According to sources engineering samples are already being distributed and tested. First rumours sound positive for extreme overclockers and devestating for LGA1155-users.
Intel's next platform for enthusiasts (successor to LGA1366, X58), will consist of a 2011-pin LGA socket, the Sandy Bridge-E (enthusiast) processor that features a massive quad-channel DDR3 memory controller and 32+ lane PCI-Express 2.0 hub, and the X79 chipset. Intel is looking to skip the 6-series chipset family with its next high-end platform chipset, and perhaps it makes sense since the platform is slated for Q4 2011. The X79 is a PCH (platform controller hub), like P55 and P67, since Intel has reorganized the platform. The beefy PCI-E hub housed in the X58 northbridge is relocated to the processor die, and the southbridge is given a much needed overhaul in terms of connectivity.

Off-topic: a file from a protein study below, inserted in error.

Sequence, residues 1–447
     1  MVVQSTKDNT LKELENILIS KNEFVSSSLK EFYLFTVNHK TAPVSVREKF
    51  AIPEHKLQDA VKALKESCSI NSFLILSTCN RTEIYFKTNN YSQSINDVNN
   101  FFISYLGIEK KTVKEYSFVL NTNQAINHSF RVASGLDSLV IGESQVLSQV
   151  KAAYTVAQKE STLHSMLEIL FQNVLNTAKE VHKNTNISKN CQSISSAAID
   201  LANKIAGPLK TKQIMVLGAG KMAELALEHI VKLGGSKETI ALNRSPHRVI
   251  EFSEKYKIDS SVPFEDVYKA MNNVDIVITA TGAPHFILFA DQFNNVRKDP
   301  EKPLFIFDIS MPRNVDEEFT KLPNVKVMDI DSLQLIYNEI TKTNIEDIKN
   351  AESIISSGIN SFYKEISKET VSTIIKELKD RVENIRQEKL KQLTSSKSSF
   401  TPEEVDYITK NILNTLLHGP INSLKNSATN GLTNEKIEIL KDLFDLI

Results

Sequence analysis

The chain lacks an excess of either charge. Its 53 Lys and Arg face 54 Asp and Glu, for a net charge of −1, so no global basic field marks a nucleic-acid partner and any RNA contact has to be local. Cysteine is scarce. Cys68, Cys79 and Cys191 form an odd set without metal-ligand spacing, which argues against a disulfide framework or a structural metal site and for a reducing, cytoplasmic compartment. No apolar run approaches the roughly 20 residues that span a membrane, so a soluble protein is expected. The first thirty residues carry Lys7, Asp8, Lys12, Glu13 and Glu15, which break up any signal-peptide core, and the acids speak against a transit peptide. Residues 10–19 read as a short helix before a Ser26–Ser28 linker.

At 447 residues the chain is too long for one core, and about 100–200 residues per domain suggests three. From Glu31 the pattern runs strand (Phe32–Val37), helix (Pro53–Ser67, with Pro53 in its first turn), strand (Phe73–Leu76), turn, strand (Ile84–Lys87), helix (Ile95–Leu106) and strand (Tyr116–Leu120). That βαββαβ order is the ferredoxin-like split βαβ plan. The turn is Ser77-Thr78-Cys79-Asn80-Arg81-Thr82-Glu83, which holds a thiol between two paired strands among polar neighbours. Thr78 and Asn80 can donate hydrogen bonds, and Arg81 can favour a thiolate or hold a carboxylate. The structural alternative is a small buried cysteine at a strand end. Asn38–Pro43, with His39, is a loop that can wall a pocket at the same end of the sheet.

The X79 is much bigger than P67 in terms of connectivity and features. Differences start right at the interconnect. While P67 connects to the processor over DMI (physical PCI-Express 2.0 x4), X79 supplements this link with an additional PCI-Express 2.0 x4 link to the processor's PCI-E hub if the user chooses so, in the EFI setup program. The chipset bus hence ends up with 8 GB/s of bandwidth, and wait till you hear what will make use of it: a 10-port SATA 6 Gb/s RAID controller integrated to the PCH! That is a huge improvement in terms of storage connectivity, which is limping with 2-port SATA 6 Gb/s (next to four 3 Gb/s ports) on 6-series chipsets.
Lastly, X79 is geared for extreme overclocking of the processor and memory. That's expected of this platform.